German state of Baden-Württemberg supports study on production, use of synthetic kerosene
Stuttgart Airport, together with its partners, will conduct a feasibility study to find out how climate-friendly synthetic kerosene can be produced from green hydrogen and process-related carbon dioxide (CO2) from cement production. This study is funded by the state of Baden-Württemberg with 1 million euros and forms the basis for further development steps, up to the realization of an investor-funded production plant.
“The aviation industry must make its contribution to climate protection,” said Winfried Hermann, minister of transport, said Feb. 17 at the handover of the funding decision. “Renewably produced synthetic fuels, so-called reFuels, will play a central role in this. This project by the airport in cooperation with Schwenk Zement and SkyNRG is exceptional pioneering work. It comprises the preliminary preparation of a plant with a production capacity of 50,000 metric tons of synthetic aviation fuel per year at the Heidenheim-Mergelstetten site. The first jet fuel produced in this way on an industrial scale could be realized there in 2028.”
The project consortium, which includes Stuttgart Airport, Schwenk Zement and SkyNRG, is contributing an additional 1 million euros to the project.
Hermann added, “In order to meet the blending quota of just 2 percent renewable kerosene in Germany in 2030, almost 250,000 metric tons would have to be produced per year. We therefore need to realize some significantly larger industrial plants. This shows what a challenge it is to reach carbon-neutral air traffic by 2040.”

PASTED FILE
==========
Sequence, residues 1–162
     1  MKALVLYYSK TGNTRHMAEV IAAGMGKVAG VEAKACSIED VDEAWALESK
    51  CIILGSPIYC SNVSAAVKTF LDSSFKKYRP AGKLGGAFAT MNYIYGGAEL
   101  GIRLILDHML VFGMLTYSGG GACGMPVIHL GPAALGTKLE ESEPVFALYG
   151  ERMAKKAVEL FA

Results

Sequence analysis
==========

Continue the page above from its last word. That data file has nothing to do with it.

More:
The study aims to demonstrate the economic and technical feasibility as well as the approvability of the targeted plant. If it is successful, there will be an opportunity to produce climate-friendly kerosene on an industrial scale for the first time at a cement plant from CO2 in the exhaust air using hydrogen.
As part of its STRzero climate strategy, Stuttgart Airport has been promoting the development of carbon-neutral and low-noise aircraft engines for many years. Together with science, politics and industry, the airport helps such technologies achieve a breakthrough.
“At Stuttgart Airport, we see ourselves as an enabler in the transformation of air traffic toward climate-friendly flying,” said Arne Kirchhoff, general manager of aviation at Stuttgart Airport. “We are therefore actively involved in the development of a production facility for sustainable aviation fuel in Baden-Württemberg. We are already promoting the use of such new types of aircraft fuels through our airport charges.”
Thomas Spannagl, CEO of Schwenk, said, “For the cement industry, the project is of enormous importance, because the meaningful use of carbon dioxide from the exhaust air of cement plants as a raw material is a major contribution to climate protection.”
To this end, the novel technology of an oxyfuel plant for cement production is to be built in Baden-Württemberg by Schwenk. Heidenheim-Mergelstetten is one of the favored locations for this. Here, carbon dioxide can be concentrated to almost 100 percent in exhaust air to produce synthetic aviation fuel in the downstream plant, using hydrogen.
“With the right technological setup, there are great synergies possible between the cement industry and the aviation industry,” said Maarten van Dijk, chief development officer of SkyNRG. “Both need solutions to ensure they contribute to climate protection and the energy transition.”
He sees Baden-Württemberg as an interesting region for the development of such an aviation fuel facility.
“There is political support on both the state and federal level while the region offers strong partnerships with Stuttgart Airport and Schwenk Zement to develop this type of highly innovative project,” van Dijk said.